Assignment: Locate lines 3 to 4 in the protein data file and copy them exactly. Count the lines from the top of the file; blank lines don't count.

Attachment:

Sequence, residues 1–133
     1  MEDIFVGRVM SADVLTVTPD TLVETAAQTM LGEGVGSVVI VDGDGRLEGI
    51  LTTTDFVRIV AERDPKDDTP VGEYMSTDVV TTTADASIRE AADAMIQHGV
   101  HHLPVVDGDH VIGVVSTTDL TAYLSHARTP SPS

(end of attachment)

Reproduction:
    51  LTTTDFVRIV AERDPKDDTP VGEYMSTDVV TTTADASIRE AADAMIQHGV
   101  HHLPVVDGDH VIGVVSTTDL TAYLSHARTP SPS